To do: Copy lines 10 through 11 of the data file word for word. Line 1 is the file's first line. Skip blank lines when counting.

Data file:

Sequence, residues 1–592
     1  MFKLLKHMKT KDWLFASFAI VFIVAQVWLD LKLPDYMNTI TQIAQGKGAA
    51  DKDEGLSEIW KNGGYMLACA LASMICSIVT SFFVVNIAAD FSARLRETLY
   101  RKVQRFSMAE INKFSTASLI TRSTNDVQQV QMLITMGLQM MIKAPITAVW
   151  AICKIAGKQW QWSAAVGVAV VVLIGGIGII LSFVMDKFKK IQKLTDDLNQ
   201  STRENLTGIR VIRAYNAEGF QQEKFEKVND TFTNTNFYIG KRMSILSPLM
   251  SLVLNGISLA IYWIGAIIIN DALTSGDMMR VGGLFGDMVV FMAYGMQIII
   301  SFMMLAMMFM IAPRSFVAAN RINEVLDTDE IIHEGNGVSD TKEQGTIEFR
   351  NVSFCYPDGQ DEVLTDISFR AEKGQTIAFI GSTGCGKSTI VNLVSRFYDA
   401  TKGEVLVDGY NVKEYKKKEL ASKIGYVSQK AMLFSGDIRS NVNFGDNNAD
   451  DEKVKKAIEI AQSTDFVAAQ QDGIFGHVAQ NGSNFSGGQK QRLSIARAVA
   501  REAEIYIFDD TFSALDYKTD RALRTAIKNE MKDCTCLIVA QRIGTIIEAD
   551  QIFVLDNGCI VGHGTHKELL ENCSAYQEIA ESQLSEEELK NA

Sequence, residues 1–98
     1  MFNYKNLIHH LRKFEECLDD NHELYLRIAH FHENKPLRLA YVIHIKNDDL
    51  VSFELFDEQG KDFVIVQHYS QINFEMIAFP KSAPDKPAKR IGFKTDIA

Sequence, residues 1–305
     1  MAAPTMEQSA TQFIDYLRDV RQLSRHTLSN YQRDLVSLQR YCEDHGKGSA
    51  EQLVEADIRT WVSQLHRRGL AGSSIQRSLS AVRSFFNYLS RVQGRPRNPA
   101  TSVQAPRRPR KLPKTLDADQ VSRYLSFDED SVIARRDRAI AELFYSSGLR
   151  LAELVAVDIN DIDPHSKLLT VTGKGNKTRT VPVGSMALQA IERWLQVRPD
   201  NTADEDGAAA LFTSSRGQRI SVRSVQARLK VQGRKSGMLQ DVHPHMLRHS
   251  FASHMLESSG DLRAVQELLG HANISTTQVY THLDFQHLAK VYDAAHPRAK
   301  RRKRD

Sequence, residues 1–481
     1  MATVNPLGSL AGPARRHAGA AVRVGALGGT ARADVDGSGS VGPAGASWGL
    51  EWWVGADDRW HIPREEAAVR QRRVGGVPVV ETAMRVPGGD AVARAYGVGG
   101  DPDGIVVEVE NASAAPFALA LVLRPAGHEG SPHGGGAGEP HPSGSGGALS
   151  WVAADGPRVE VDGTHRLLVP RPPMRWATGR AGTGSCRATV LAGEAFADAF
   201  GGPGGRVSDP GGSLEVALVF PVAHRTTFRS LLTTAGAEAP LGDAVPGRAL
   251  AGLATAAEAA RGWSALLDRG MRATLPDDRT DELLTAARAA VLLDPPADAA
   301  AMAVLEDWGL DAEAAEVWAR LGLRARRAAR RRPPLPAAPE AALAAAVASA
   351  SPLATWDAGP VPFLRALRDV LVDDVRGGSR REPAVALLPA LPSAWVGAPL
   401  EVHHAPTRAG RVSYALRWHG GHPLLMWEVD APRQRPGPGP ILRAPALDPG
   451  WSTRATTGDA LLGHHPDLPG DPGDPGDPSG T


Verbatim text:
   401  TKGEVLVDGY NVKEYKKKEL ASKIGYVSQK AMLFSGDIRS NVNFGDNNAD
   451  DEKVKKAIEI AQSTDFVAAQ QDGIFGHVAQ NGSNFSGGQK QRLSIARAVA